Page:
Twitter Demographics

Twitter Demographics

The data shown below were collected from the profiles of 8 tweeters who shared this research output. Click here to find out more about how the information was compiled.
Mendeley readers

Mendeley readers

The data shown below were compiled from readership statistics for 82 Mendeley readers of this research output. Click here to see the associated Mendeley record.

Geographical breakdown

Country Count As %
United States 1 1%
Unknown 81 99%

Demographic breakdown

Readers by professional status Count As %
Researcher 15 18%
Student > Ph. D. Student 10 12%
Student > Master 10 12%
Other 6 7%
Student > Bachelor 5 6%
Other 17 21%
Unknown 19 23%
Readers by discipline Count As %
Medicine and Dentistry 48 59%
Nursing and Health Professions 3 4%
Engineering 3 4%
Computer Science 2 2%
Social Sciences 1 1%
Other 2 2%
Unknown 23 28%
Attention Score in Context

Attention Score in Context

This research output has an Altmetric Attention Score of 6. This is our high-level measure of the quality and quantity of online attention that it has received. This Attention Score, as well as the ranking and number of research outputs shown below, was calculated when the research output was last mentioned on 22 May 2017.
All research outputs
#5,509,708
of 22,834,308 outputs
Outputs from Cochrane database of systematic reviews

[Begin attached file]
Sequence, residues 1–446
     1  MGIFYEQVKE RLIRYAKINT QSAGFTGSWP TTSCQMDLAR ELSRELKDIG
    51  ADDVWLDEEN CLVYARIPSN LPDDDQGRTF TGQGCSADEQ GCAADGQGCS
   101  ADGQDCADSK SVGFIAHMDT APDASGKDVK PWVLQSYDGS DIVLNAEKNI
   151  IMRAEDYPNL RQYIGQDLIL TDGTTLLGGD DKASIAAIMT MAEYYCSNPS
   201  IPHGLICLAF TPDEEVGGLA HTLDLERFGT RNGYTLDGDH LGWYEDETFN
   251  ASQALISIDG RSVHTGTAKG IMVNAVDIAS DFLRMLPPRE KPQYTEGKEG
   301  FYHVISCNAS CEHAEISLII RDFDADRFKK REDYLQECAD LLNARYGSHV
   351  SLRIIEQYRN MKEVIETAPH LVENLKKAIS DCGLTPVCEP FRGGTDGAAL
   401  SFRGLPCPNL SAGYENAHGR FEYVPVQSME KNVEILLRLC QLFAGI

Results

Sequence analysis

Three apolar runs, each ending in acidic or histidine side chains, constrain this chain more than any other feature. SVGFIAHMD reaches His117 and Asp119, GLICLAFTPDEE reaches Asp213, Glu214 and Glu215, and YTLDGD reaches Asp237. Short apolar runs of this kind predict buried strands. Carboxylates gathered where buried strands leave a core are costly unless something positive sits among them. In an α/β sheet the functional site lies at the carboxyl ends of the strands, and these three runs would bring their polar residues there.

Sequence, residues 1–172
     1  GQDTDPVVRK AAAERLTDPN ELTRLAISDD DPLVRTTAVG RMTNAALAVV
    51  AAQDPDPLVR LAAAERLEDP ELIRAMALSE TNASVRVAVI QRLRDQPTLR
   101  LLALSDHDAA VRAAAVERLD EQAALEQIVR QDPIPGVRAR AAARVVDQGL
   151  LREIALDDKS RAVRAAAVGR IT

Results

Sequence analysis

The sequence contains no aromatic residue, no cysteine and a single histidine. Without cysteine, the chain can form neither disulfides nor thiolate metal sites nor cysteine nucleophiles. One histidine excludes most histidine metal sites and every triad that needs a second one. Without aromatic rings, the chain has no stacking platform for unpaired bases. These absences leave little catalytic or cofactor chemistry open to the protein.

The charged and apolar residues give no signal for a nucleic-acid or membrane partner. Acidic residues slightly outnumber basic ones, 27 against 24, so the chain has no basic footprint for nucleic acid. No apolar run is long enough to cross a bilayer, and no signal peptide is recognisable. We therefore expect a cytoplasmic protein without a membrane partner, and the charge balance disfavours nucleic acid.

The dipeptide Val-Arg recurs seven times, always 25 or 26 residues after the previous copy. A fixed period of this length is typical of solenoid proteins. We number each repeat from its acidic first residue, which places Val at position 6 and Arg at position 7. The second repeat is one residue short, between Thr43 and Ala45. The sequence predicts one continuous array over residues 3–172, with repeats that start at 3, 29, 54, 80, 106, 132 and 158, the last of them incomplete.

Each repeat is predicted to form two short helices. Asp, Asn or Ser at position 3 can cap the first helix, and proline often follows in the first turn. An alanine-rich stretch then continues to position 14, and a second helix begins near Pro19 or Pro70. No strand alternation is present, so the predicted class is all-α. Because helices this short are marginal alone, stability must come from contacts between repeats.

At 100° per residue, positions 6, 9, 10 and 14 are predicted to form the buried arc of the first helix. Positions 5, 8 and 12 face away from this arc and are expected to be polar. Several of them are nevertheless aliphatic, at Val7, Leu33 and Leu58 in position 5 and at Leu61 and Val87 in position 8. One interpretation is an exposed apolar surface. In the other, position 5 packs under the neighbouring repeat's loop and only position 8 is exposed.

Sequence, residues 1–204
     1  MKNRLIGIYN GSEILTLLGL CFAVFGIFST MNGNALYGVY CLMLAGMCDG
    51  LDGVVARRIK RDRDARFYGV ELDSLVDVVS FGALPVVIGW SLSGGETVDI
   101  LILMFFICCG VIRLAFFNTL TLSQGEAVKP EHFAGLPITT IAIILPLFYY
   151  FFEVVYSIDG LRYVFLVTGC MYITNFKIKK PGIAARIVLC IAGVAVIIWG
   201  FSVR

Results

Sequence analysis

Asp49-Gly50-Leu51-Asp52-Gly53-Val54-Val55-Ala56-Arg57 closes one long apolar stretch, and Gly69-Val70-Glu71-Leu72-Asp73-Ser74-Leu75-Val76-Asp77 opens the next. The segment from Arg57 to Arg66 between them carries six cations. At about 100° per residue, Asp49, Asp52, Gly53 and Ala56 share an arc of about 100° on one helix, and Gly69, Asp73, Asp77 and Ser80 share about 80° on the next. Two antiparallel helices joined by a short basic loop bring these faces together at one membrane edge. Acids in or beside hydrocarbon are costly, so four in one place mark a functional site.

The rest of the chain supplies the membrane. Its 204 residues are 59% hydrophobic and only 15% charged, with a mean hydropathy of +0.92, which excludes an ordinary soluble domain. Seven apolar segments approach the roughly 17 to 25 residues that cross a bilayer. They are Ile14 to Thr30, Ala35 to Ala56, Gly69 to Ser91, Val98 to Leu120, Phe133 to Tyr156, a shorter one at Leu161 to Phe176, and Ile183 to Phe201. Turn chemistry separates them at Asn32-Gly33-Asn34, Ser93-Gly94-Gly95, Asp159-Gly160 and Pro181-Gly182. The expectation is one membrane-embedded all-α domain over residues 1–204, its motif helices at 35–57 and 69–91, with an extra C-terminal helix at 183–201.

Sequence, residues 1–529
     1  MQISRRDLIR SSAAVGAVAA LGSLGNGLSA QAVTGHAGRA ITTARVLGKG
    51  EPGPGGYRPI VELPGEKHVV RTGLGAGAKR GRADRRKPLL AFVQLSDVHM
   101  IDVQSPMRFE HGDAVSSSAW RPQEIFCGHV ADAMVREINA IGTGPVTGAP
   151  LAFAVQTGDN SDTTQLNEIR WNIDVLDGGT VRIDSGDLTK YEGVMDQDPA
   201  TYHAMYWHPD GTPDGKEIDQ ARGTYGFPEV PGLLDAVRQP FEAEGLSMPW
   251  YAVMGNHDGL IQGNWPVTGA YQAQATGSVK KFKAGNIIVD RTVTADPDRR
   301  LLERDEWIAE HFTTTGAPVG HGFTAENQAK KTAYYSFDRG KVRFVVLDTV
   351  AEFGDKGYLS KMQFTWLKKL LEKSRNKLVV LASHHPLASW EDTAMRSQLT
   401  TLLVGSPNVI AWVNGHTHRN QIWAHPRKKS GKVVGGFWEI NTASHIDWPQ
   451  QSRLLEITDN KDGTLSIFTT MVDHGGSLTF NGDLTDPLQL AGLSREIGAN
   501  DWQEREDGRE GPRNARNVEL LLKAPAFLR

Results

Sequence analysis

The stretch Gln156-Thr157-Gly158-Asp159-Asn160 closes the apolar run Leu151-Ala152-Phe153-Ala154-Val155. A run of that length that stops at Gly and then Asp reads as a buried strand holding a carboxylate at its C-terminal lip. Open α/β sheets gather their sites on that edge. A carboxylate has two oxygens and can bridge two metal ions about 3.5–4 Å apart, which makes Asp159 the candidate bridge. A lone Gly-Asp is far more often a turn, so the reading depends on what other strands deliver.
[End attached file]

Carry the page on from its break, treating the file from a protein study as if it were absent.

#7,336
of 12,320 outputs
Outputs of similar age
#85,419
of 388,302 outputs
Outputs of similar age from Cochrane database of systematic reviews
#192
of 282 outputs
Altmetric has tracked 22,834,308 research outputs across all sources so far. Compared to these this one has done well and is in the 75th percentile: it's in the top 25% of all research outputs ever tracked by Altmetric.
So far Altmetric has tracked 12,320 research outputs from this source. They typically receive a lot more attention than average, with a mean Attention Score of 30.4. This one is in the 40th percentile – i.e., 40% of its peers scored the same or lower than it.
Older research outputs will score higher simply because they've had more time to accumulate mentions. To account for age we can compare this Altmetric Attention Score to the 388,302 tracked outputs that were published within six weeks on either side of this one in any source. This one has done well, scoring higher than 77% of its contemporaries.
We're also able to compare this research output to 282 others from the same source and published within six weeks on either side of this one. This one is in the 31st percentile – i.e., 31% of its contemporaries scored the same or lower than it.